Lazette Gifford
Publisher & Editor
zette@cableone.net

 

Defeating Procrastination

By BJ LaChappelle
2006,
BJ LaChappelle


You have your dreams of stardom, your wonderful ambitions, and your fantasies of making the New York Times' Bestseller list.  Good for you.  Everyone needs dreams.  But too much dreaming and not enough working is procrastination.  Procrastination leaves you with no book, no money, no fame, and no results.

Television

You know how it is.  "I'm going to watch just one show!" somehow morphs into two or three hours in front of the television.  It really wastes a lot of time you could be using for writing.

Here are a few solutions that might help you get rid of this problem:

1. Record the show to watch later.

2. Unplug the TV -- and don't plug it back in for a month or so.  See how much you can get done without having it on.

3. Don't get cable or satellite.  If you already have it, call the company and ask to have the service turned off.  There's a lot less to watch when you only get two or three channels.

4. Don't have your writing space and the TV in the same room.  If someone else is watching TV in your house, you can go into your writing room and shut the door.  You won't get distracted by what is on TV.

Internet   

The Internet is another big time-waster.  This can also be a tricky one -- a form of procrastination you might not recognize.  Reading articles about writing is not writing.  Talking to people in chat rooms about writing is not writing.  Posting things about writing is not writing.  All these things are very useful, and they make writing better and easier, but they must not take the place of writing.

Doing endless amounts of research on the internet for your story isn't writing, either.  Read the article "Seek and Ye Shall Find -- How to Use the Google Effectively" by Alfred PM to help you cut time spent researching to a minimum.  

Set a time for using the internet, and stick to it.  Write your daily allotment of pages, and then you can go online. Make time to write.

Books

Reading books can be procrastination in disguise.  Don't get me wrong, I like books. Reading books is really good for you.  It helps you learn from other writers, and reading increases your vocabulary.  Books let you travel to places you've never been. They let you see the world through the eyes of someone other than yourself.  But reading books doesn't replace writing them.  Reading books shouldn't compromise your career as a writer.  Set a time for to read in, or try writing a certain amount of pages before letting yourself read.  

Pre-Writing and Editing

Of all the forms of procrastination, these are the hardest ones to spot.  Pre-writing is a necessary part of writing a book, but when you spend years doing world-building, research, character development, and plot outlining, then you've got a problem.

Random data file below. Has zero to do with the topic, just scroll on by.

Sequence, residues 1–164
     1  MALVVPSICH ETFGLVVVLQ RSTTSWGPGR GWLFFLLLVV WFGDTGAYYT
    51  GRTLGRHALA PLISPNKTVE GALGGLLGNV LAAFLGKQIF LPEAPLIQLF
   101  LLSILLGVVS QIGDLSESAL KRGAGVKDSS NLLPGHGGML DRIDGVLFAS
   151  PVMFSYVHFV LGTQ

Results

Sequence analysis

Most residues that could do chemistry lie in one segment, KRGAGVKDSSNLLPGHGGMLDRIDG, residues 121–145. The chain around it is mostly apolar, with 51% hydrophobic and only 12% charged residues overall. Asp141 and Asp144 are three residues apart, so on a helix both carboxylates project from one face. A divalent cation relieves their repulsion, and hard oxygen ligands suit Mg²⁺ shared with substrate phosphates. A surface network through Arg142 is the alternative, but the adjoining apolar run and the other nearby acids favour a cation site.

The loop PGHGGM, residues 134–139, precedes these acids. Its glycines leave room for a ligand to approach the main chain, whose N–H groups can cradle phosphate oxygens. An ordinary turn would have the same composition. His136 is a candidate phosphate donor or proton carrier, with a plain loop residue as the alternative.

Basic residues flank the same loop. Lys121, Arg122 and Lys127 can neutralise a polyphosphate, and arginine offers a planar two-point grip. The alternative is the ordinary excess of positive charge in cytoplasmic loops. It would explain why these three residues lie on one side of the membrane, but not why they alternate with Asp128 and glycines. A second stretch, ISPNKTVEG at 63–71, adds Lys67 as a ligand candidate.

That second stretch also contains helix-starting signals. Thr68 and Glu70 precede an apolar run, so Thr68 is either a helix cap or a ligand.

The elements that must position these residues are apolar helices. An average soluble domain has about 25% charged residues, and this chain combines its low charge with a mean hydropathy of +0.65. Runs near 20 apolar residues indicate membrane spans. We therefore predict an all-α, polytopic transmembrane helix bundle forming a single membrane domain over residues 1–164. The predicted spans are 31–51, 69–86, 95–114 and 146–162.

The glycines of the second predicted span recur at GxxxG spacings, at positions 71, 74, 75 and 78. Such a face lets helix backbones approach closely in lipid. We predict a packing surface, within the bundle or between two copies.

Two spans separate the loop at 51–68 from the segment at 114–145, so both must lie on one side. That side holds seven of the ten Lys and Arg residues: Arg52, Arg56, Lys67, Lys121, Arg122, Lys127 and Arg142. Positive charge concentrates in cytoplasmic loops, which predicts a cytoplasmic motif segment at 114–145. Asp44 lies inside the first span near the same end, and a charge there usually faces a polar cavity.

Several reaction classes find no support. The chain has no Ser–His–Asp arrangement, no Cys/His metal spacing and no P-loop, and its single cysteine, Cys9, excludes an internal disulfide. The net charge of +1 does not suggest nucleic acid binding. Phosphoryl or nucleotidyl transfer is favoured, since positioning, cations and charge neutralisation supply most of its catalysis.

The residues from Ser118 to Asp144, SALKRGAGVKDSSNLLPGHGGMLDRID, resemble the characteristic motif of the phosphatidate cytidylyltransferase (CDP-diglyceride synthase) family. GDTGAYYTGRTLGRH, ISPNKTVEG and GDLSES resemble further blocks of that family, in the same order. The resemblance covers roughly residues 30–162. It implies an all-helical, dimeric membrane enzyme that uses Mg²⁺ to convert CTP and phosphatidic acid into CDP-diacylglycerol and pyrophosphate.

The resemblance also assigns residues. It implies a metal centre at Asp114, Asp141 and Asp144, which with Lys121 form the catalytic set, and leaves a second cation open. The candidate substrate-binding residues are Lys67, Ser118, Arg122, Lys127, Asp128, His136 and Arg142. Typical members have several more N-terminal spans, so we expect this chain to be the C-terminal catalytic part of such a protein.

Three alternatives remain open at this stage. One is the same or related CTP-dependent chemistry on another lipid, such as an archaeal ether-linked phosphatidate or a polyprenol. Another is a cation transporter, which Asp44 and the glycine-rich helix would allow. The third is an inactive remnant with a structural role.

I know some people who say "I'll start writing soon, but first..." Don't get caught in that death trap.  It's a guaranteed dream-killer, unless you can pull yourself out before it's too late.

Imagining a scene in you head is not the same as writing it.  "But I want it to be perfect," you say.  Don't worry about it.  Just write.  It doesn't matter whether what you write now is flawed or not.  There is no such thing as a perfect first draft.  That's what editing is for.  

However, editing doesn't have to take years, either.  You don't have to do ten revisions to get a perfect, polished jewel.  Check out Holly Lisle's One Pass Revision Technique, or Lazette Gifford's article on revision, "Re-Writing the Beast."  The purpose of revision is to finish a book so you can send it out to the publishers and start another.   

Note: I find that it is best to write the entire book and then start revision.  Revising the first chapter without writing the rest of the book isn't very helpful, in my opinion.  Firstly, your plot could change by the time you finish writing, and your first chapter could be utterly worthless by then.  Secondly, perfect first chapters don't sell, unless they have a full book attached.

Beating Procrastination

Check out Holly Lisle's workshop, "The Magic of Goals," and set yourself some writing goals.  Make them big, and stick with them.  Goals help get rid of procrastination.  "50 Strategies for Making Yourself Work," by Jerry Oltion, is another article that may help you stay on track.  

It can be tough to avoid distractions that keep you from writing.  Remember that nothing worth doing is easy, and your dreams are worth pursuing.  Your dream of being a bestselling author won't come true unless you write your book first.  Good luck, and see you at the top!

Works Cited

Jerry Oltion, 50 Strategies for Making yourself Work. (http)

http://sfwa.org/writing/strategies.html

Holly Lisle, How to Get From Here to There: The magic of Goals. http://fmwriters.com/Visionback/issue13/Issue13/Workshop.htm

Alfred P M, Seek and Ye Shall Find How to use Google effectively. (Http)

http://www.writing-world.com/basics/google.shtml

Holly Lisle, One-Pass Manuscript Revision: From First Draft to Last in One Cycle

http://www.sscdc.net/hlvision/Issue9/Workshop.htm

Lazette Gifford, Re-writing the beast http://fmwriters.com/Visionback/Issue17/workshop.htm